Why does this borrow outlive its own scope – only when declared as a trait object?

In a current project, I've run into a dead end in the form of a mighty confusing issue with the borrow checker: When attempting dynamic dispatch via a trait object (i.e. Box<dyn Trait>), any method call that takes &'a self causes the dereferenced object (*thing) to be borrowed, and stay borrowed indefinitely (even past the end of its own scope)! Of course, the Box is dropped when it goes out of scope, meaning that thing is dropped while *thing is borrowed – causing an error.

My real-world case (the details of which you can see further down) concerns a complex trait and a method with a complex return type, but I've pared it down to a minimal example with a Box<dyn Trait> that returns a Box<dyn Iterator<…>> (Playground):

trait ReturnIter<'this> {
    // This dyn Iterator<…> needs `+ 'this` specified, lest the compiler require
    // it to be 'static. The issue happens with *any* return type (even a non-
    // `dyn` one), but this illustrates why the lifetime bound is needed.
    fn return_iter(&'this self) -> Box<dyn Iterator<Item = usize> + 'this>;
}

struct Thing {
    numbers: Vec<usize>
}

impl<'this> ReturnIter<'this> for Thing {
    fn return_iter(&'this self) -> Box<dyn Iterator<Item = usize> + 'this> {
        Box::new(self.numbers.iter().map(|&n| n))
    }
}

fn main() {
    // In the real-world case, I'm using dynamic dispatch for polymorphism,
    // which is why `thing` needs to be a trait object.
    let thing: Box<dyn ReturnIter> = Box::new(
        Thing {numbers: vec![1, 2, 3]}
    );

    let _iter = thing.return_iter();
}

This causes the compiler to yield the following error:

error[E0597]: `*thing` does not live long enough
  --> src\main.rs:25:17
   |
21 |     let thing: Box<dyn ReturnIter> = Box::new(
   |         ----- binding `thing` declared here
...
25 |     let _iter = thing.return_iter();
   |                 ^^^^^ borrowed value does not live long enough
26 | }
   | -
   | |
   | `*thing` dropped here while still borrowed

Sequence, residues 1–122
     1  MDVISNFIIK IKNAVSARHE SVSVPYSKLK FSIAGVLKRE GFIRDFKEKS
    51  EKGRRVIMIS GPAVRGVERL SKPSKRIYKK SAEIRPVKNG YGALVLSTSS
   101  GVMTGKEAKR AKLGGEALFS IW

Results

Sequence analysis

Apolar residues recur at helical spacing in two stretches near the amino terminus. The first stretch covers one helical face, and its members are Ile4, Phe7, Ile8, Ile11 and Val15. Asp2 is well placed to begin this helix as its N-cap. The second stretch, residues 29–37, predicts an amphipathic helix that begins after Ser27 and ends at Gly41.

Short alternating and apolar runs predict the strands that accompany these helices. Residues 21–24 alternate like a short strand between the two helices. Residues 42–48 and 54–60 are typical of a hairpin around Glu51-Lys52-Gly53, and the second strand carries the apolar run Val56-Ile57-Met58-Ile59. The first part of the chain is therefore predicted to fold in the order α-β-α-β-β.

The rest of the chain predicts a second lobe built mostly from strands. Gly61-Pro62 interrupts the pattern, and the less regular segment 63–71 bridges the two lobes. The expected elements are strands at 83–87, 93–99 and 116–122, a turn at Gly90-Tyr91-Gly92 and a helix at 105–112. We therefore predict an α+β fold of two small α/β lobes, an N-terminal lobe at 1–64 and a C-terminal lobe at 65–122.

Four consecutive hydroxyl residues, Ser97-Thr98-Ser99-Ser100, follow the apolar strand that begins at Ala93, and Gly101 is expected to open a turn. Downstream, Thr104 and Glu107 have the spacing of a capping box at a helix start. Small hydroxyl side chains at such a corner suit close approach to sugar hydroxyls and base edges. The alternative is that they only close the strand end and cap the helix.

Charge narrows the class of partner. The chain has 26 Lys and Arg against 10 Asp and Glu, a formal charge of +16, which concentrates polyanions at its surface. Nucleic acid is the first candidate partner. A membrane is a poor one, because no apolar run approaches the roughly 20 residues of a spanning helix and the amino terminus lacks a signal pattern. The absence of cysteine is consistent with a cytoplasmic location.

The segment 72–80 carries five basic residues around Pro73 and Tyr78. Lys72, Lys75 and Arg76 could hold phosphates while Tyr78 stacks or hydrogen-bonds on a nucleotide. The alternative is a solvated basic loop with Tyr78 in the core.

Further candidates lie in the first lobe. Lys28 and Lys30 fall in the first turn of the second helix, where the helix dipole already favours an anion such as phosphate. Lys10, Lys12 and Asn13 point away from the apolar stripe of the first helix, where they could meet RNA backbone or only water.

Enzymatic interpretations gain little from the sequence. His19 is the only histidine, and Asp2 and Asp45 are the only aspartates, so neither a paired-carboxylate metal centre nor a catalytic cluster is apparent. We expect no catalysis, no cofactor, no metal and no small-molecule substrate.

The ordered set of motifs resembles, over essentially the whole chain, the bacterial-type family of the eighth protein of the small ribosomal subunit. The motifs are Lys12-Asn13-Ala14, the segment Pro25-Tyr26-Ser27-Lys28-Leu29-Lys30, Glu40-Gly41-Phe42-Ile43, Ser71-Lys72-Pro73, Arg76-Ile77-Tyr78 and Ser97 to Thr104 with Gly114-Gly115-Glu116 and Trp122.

| borrow might be used here, when `thing` is dropped and runs the destructor for type `Box<dyn ReturnIter<'_>>`

What I've Gathered

  • thing.return_dyn() borrows *thing, since return_dyn takes &self – that much is normal.
  • What's odd, however, is that it appears to stay borrowed past the end of the block when the type of thing is a trait object (Box<dyn ReturnDyn>, in this case).
  • Which is an issue, since the Box along with the contents are dropped when they go out of scope, as they should be (`*thing` dropped here while still borrowed).
  • This happens whatever the method called may be, as long as it takes &'a self – my case is a bit more complicated due to returning a Box<dyn _>, which requires a lifetime, but the infini-borrow happens either way.
  • Curiously, this does not happen when thing is declared as a concrete type (e.g. Box<Thing>) (Playground).
  • Even more curiously, it only happens when &self has an explicit lifetime&'this self causes the issue, but changed to &self, it doesn't happen.*

To summarize, this is an issue that only happens when you have ① a trait object that ② calls a method that takes &self ③ with an explicit lifetime for &self (e.g. &'a self).

* Changing to &self is unworkable in my case, since the returned Box<dyn Iterator<…>> must have an explicit lifetime specified that's anchored to something else, lest it be assumed to be ' static. (Using only &self, we instead get the error method was supposed to return data with lifetime `'this` but it is returning data with lifetime `'1`.) In my real-world case, as in the example, it must be anchored to &self specifically, since the iterator uses references to data within the struct.